Jun 15, 2017

The Right of the Employer to Reject a Resignation | Michael Dugeri


An employer has no right to reject the resignation of its employee, for whatever reason. The law is that a notice of resignation of an appointment becomes effective and valid the moment it is received by the person or authority to whom it is addressed. This is because there is absolute power to resign and no discretion to refuse to accept; and it is not necessary for the person to whom the notice of resignation is addressed to reply that the resignation is accepted.


In the cases of Taduggoronno v. Gotom [2002] 4 NWLR (Pt. 757) 453 andYesufu v. Gov. Edo State [2001] 13 NWLR (Pt. 731) 517, the courts held that it is not open to the employer for whatsoever reason to refuse to accept the resignation of the employee, for the employee has an absolute power to resign and the employer has no discretion to refuse to accept the resignation. See also the case of Adefemi v. Abegunde [2004] 15 NWLR (Pt. 895) 1.

It is not uncommon for Employee Handbooks to contain a clause that confers on the employer the right not to accept the resignation of an employee on grounds such as ‘on-going investigation’ and where the employee seeking to resign is under a contractual bond, the terms of which he is yet to finish serving. The courts have held such provisions to be unlawful and unenforceable. An employee has the right to resign with immediate effect, and to reject his rejection is tantamount to forced labour, and also against the time-honour labour law principle that an employer cannot force himself on an unwilling employee.

It is also common to find in the termination clause of some employment contracts that only the employer may make a payment in lieu of notice, while the employee is mandatorily required to give notice. The remedy available to the employer, where the employee, in such a case, resigns without notice would likely be damages and certainly not specific performance. In other words, such resignation would be treated as wrongful but not null and void.    

In WAEC v. Oshionebo [2006] 12 NWLR (Pt. 994) 258, it was held that a notice of resignation is effective not from the date of the letter, or from the date of any purported acceptance, but from the date on which the letter was received by the employer or his agent; and that tendering of a letter of resignation by an employee carries with it the right to leave the service automatically without any benefit subject to the employee paying any of his indebtedness to his employer.

Thus, once an employee tenders his resignation, he ceases henceforth to be an employee, regardless of a rejection of the resignation by the employer. The employee’s resignation would have immediate effect even where he continues to come to work after his resignation is tendered.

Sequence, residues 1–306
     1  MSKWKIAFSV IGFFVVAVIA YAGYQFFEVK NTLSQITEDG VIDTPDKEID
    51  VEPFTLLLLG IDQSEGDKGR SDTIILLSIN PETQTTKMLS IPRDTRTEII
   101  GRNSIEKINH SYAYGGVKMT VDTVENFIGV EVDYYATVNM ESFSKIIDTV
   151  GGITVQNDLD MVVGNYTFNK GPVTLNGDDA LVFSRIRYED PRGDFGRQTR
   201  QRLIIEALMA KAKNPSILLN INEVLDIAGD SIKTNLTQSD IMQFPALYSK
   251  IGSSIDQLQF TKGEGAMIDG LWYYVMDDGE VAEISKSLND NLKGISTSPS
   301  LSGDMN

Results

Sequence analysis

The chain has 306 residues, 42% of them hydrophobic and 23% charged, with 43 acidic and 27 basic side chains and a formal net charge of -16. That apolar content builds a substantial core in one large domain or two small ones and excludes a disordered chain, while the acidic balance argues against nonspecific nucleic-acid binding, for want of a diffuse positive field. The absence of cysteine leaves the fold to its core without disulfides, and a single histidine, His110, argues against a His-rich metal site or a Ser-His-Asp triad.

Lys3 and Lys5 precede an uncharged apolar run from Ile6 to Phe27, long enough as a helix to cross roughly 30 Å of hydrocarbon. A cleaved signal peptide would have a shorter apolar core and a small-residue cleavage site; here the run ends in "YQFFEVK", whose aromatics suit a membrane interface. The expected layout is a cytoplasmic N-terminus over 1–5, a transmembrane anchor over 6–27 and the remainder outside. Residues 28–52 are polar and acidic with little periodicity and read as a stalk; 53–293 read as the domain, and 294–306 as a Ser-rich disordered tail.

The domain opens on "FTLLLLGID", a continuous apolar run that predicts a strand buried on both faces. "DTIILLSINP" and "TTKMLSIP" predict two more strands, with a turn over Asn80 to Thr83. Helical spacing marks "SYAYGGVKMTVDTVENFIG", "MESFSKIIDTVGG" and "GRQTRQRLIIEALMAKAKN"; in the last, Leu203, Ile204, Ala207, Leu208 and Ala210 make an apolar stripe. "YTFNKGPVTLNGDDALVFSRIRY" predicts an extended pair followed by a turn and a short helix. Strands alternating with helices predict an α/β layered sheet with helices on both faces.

Rejection of retirement
The distinction is however, made in cases of retirement. A letter of retirement does not necessarily take effect from the date that it is received by the employer. The case ofWAEC v. Oshionebo [2006] 12 NWLR (Pt. 994) 258  made a distinction between “resignation” and “retirement” with different legal consequences. Resignation carries with it the right to leave service immediately and automatically without any benefit subject to the employee paying any of indebtedness to his employer. Retirement, on the other hand does not confer such a right to leave service immediately and automatically. A further legal consequence of retirement is provided for in OSHC v. Shittu [1994] 1 NWLR (Pt. 321) 476, the court held that where an employee gives notice of his voluntary retirement to his employer, and the employer refuses to accept the notice, the position is that the employee is still in the employer’s service. However, it is only the employee who can rely on that notice in his favour and not the employer who rejected the notice. This would be particularly relevant for the computation of terminal benefits. This is because it has to be adjudged not only a deviation from “natural equity” but also contrary to law for an employer who is guilty of the irregularity of refusing a notice of voluntary retirement to turn around and benefit from that irregularity.


See also Osu v. PAN Ltd [2001] 13 NWLR (Pt. 731) 627, where the court held that the notice of retirement will appropriately expire at the stipulated periods regardless of directives from the employer that the employee should stop work before the date stipulated; as such an employee remains a staff of the employer up to and including the last day when the notice would have properly expired.

Michael Dugeri 
Corporate Commercial Lawyer at Austen-Peters & Co.

Ed's Note - This article was first published here.
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